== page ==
By Jim Schutze
By Rachel Watts
By Lauren Drewes Daniels
By Anna Merlan
By Lee Escobedo
By Eric Nicholson
You needn't be a Catholic scholar to realize that the Virgin of Guadalupe, who first appeared just northwest of Mexico City in 1531, has pretty much surpassed her theological source, The Virgin Mary, in popularity from Texas through Central America. Often referred to as "The Patroness of the Americas," she has for centuries been the source of feverish requests for health, money, love, and other of life's necessities; the faithful wear her on heirloom jewelry, on T-shirts, and in shrines at the back of pickup trucks.
In other words, the Americas' version of the virgin is simultaneously sacred and laid-back, unearthly and approachable, although perhaps consulted more by the poor than by the moneyed. So I wonder if the irreverence displayed in Milagritas/Little Miracles, the centerpiece of Cara Mia's Virgen Project, would actually escalate into heresy for the devout. Marisela Barrera, artistic director of Cara Mia, has adapted a story from Sandra Cisneros' Woman Hollering Creek, which is an unqualified piece of feminist art. And while it can be argued that Barrera has guided her wonderfully restless, comedically gifted lead actor Marinca Calo-Oy to both revere and tweak the lady from Guadalupe, my thought was that the Virgin emerged from this modest, moving, and hilarious production with a few bruises from all the pokes. Calo-Oy plays both a painter creating an image of the Virgin, and the Virgin herself, who has encouraged both virtue and submission among Latinas. With her high forehead, gentle eyes, and solemn mouth, Calo-Oy as the Virgin looks remarkably like a living statue, which makes her interaction with a series of South Texas Catholics (played by Frances Munoz, Marco Rodriguez, Mary Z. Ponce, and Efrain Rene) who seek silly and serious remedies all the more striking. This Virgin flirts, taunts, raps, and checks her makeup in a hand mirror, according to the audience she keeps; in the end, she is just reflecting her worshippers, an observation that, while pretty commonsensical, nonetheless doesn't bolster her iconic status.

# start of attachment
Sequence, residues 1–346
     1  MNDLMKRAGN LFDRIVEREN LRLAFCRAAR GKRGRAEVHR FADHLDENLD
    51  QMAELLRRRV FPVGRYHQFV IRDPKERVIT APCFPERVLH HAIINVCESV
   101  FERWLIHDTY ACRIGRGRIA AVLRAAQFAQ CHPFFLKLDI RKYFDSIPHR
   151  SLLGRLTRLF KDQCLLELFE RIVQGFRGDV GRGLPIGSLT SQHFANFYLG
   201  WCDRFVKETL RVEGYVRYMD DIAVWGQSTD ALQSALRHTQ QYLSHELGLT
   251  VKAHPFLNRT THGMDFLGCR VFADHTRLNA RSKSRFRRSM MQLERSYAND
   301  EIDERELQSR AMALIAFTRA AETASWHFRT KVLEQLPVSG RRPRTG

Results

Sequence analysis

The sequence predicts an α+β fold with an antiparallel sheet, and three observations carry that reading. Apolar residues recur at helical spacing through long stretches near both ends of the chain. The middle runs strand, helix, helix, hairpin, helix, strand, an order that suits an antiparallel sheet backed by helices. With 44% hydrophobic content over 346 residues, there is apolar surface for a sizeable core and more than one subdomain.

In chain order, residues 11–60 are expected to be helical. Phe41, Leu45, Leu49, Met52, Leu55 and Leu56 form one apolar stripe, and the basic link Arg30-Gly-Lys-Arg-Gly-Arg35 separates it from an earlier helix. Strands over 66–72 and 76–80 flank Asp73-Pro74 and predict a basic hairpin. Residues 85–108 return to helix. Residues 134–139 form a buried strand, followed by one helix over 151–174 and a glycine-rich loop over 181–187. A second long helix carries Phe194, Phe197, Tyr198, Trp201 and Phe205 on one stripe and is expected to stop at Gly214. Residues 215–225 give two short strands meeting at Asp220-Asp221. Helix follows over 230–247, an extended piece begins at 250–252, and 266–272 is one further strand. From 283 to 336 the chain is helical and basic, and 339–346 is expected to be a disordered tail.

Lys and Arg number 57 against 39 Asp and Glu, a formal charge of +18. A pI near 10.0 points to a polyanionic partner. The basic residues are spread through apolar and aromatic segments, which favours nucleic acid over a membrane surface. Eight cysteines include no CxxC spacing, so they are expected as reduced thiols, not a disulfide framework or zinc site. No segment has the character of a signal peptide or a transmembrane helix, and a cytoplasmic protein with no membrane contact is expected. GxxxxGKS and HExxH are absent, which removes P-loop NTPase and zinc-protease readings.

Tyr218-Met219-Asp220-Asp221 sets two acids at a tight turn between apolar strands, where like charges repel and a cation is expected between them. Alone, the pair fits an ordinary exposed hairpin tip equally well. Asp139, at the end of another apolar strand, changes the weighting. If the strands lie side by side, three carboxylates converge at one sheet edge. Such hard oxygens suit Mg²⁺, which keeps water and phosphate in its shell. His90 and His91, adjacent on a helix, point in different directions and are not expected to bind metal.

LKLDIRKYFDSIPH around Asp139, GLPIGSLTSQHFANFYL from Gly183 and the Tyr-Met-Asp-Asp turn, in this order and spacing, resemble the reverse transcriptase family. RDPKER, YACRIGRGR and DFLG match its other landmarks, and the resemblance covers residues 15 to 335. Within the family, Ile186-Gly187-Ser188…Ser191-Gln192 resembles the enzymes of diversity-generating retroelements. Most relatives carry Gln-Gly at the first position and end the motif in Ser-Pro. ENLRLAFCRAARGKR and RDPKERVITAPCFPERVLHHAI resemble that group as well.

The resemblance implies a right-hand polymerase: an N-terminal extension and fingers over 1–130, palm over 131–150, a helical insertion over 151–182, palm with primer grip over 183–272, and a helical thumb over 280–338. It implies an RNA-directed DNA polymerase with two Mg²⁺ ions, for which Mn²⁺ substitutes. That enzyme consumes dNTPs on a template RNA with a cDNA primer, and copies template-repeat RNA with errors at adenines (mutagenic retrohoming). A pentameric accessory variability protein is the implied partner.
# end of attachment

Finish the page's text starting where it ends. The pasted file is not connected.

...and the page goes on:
Director Marisela Barrera opens the evening with her own 15-minute monologue called Virgin Manifestations, which reflects the general shortcomings of los de abajo have nowhere left to fall, her piece for the Festival of Independent Theatres. She tends to speak in a cant of identity politics that, while clearly deeply personal to her, lacks the concrete details to make it seem more than polemical. Few scraps from Barrera's life and memory seem to have survived this obtuse reverie about the sexual and maternal impulses warring in women; the result seems more like an academic treatise than a confession.
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